On Friday, Jolon Cotter reached an important milestone: He concluded a three-month summer internship at the Arlington Hills Community Center in St. Paul — a program that has helped develop the skills he’ll need to survive in today’s workforce.
That hasn’t always been the case for Cotter. Just a couple of months ago, when the 16-year-old first thought of looking for a job, he didn’t know where to start, or even how to write a résumé. So he turned to Right Track, a program that — in partnership with the City of St. Paul, local high schools and business leaders — connects young people to paid summer internships.
This summer, Cotter was among hundreds of young St. Paul residents who received employment training and summer jobs through the program, which was established in 2014 to prepare the next generation of workers and address unemployment issues in the city’s communities of color.
Not only is Cotter now capable of searching for jobs, writing a résumé and preparing for interviews, he also has people he knows he can turn to if he ever encounters challenges in the workplace. “I’ve had the opportunity to meet people who can mentor me and help me learn how to progress in my future career,” he says.
The birth of Right Track
For more than a decade, the City of St. Paul offered disadvantaged and at-risk high school students paid summer jobs in community services through what was known as the Youth Jobs Corps (YJC) program.
Because the City of St. Paul was the only source of the program’s funding, though, YJC could only accommodate a couple of hundred students. But as the state’s economy began to strengthen, local business leaders started to consider providing internships. That way, employers — including those in the financial, health and nonprofit sectors — would be able provide participants with both career development skills and a decent summer wage.
To reflect the changes, in 2014 YJC was rebranded as Right Track, which has two primary components: one, city-subsidized internships in government agencies; and two: employer-paid internships in various industries.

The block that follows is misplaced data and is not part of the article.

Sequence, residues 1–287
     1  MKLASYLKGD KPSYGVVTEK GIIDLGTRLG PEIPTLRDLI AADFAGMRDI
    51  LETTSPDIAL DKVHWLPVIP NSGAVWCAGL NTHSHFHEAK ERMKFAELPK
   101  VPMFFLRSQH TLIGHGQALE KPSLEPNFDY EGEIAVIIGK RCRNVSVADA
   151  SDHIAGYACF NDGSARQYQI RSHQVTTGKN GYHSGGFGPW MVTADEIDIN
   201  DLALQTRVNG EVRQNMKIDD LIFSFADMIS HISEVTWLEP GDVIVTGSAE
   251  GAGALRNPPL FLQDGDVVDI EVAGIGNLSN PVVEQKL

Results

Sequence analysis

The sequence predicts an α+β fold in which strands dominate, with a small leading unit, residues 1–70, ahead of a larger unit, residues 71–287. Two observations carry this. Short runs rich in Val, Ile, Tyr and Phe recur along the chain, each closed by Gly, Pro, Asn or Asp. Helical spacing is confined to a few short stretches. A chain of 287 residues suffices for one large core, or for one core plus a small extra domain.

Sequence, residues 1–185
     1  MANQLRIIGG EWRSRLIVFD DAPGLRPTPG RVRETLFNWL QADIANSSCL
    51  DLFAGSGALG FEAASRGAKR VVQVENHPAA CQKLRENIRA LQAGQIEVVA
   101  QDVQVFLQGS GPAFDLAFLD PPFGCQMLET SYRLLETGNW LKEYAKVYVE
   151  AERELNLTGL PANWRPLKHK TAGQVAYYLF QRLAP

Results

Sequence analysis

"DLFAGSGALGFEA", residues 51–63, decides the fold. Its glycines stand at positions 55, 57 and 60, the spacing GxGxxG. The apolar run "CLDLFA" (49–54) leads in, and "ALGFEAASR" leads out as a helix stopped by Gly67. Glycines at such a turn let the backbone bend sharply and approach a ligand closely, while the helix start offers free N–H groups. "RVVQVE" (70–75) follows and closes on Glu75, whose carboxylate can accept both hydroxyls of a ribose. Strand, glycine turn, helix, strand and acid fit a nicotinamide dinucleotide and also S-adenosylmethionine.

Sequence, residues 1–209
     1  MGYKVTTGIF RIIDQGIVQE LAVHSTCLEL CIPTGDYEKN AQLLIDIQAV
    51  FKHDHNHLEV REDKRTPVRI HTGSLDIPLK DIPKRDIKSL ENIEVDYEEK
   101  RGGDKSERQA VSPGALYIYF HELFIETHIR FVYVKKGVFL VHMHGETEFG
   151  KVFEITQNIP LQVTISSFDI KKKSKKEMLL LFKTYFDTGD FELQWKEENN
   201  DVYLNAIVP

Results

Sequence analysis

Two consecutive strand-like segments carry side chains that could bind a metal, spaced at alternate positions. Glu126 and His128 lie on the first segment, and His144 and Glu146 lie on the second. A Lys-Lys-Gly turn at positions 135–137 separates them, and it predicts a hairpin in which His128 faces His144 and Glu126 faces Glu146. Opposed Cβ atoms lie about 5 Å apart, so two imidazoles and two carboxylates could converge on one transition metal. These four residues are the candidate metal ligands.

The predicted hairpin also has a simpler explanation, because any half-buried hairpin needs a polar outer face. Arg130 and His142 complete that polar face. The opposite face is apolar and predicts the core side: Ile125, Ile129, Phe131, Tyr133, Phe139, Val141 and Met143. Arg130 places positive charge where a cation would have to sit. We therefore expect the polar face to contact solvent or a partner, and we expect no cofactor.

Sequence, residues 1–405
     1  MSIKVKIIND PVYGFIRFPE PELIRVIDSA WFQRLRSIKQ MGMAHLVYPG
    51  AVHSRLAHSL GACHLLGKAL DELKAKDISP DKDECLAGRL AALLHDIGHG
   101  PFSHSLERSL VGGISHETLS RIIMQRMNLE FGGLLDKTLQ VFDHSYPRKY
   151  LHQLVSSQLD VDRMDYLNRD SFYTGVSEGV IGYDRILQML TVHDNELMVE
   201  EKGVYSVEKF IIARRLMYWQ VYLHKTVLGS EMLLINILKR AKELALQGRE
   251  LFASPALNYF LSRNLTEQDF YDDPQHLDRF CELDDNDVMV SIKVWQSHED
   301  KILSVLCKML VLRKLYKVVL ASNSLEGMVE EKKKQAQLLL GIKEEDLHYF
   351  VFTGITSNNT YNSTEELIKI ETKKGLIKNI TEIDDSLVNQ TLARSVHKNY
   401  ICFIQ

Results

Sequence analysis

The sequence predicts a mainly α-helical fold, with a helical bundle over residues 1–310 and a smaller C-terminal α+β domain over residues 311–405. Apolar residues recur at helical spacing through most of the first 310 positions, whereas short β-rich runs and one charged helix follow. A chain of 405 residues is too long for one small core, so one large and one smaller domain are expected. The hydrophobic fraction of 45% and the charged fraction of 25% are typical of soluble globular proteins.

During the 2016-2017 school year, Right Track trained and placed nearly 900 young people in jobs in St. Paul, with most of those participants coming from communities of color.
“A big part of what Right Track is doing is preparing the next generation workforce,” said Asha Shoffner, who runs the program. “There are a bunch of folks that are retiring. If we don’t help properly prepare young people to fill those roles, then our workforce is going to be in trouble.”
How it works
At the beginning of each school year, Shoffner and her team visit high schools and community centers in St. Paul to promote the various employment training and jobs offered under Right Track.
Those recruited for the program then participate in a series of training sessions providing core skills, such as résumé writing, networking, leadership development and workplace communications.
“We talk about the importance of prioritizing and organizing your schedule,” said Sterling Brown, a program liaison. “We tell them that it’s important to work and to hang out with their friends; but they need to schedule that time out.”
After the training, the students have the option to choose from a list of companies where they can do their summer internship. Some are placed in part-time jobs; others full-time. All get paid at least the state minimum wage.
Once the students land their internships, they continue participating in Right Track’s weekly training program to learn about financial literacy, workplace communications and professional development skills in Excel, PowerPoint and Microsoft Word.
“Our students are getting work experience,” Shoffner said. “But they’re also getting that extra support from our supervisors and program liaisons in order to gain leadership skills and personal growth.”
During his June-August internship at Arlington Hills Community Center, Cotter said, he played a leadership role in setting up the center’s annual Munchies, Movies, and Music (MMM) event.
“MMM was meant to bring youth together and connect them to the community and get people show off their talent,” he said. “I got to experience what it’s like to take charge and organize something with a group and have it work out.”